(CNN) -- John Meyers remembers standing at ground zero, feeling like a small speck amid mountains of debris.
"Everything was pulverized," said Meyers, a former New York police officer and first-responder who provided security after the September 11 terror attacks. "It was nothing but dust."
For 20 days, during 14-hour shifts, Meyers breathed in countless chemicals; he even ate meals on site as the dust hovered.
Most of that time, he did not wear a mask. In retrospect, he said, "We were ingesting whole buildings."
Less than four years later, at age 46, Meyers was diagnosed with stage IV oropharyngeal cancer. One tumor had formed in Meyers' throat and two on his lymph nodes. An ultrasound later revealed another tumor near his collarbone.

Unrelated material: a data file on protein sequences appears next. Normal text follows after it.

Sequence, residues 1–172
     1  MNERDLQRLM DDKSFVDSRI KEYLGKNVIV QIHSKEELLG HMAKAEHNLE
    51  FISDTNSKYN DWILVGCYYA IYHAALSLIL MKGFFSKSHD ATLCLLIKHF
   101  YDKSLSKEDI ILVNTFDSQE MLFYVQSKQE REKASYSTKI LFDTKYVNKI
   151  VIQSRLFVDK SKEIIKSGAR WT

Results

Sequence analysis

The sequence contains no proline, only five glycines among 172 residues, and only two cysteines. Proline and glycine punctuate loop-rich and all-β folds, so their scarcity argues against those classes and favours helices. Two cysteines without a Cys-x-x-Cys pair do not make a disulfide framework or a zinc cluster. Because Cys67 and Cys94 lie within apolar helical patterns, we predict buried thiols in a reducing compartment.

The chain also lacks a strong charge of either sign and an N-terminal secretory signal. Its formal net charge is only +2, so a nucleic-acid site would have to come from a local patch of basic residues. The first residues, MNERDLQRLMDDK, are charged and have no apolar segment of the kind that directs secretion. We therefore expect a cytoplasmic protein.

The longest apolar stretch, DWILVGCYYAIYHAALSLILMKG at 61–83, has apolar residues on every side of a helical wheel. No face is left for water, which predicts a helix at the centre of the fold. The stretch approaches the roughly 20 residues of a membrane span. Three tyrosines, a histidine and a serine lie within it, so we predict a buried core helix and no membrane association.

John Meyers was a first-responder with the New York police in September 2001.
"All four were malignant," said Meyers, who choked up as he recalled being diagnosed. "I asked, 'What's my chances?' No one could give me an answer."
According to the most recent data from the World Trade Center Health Program, there are nearly 3,000 cases of cancer among firefighters, police officers, contractors and civilians who worked or lived near the site of the attacks.
A growing number are being diagnosed with oropharyngeal cancer, but some -- including Meyers -- are being denied insurance coverage because their cancers were diagnosed too soon after 9/11.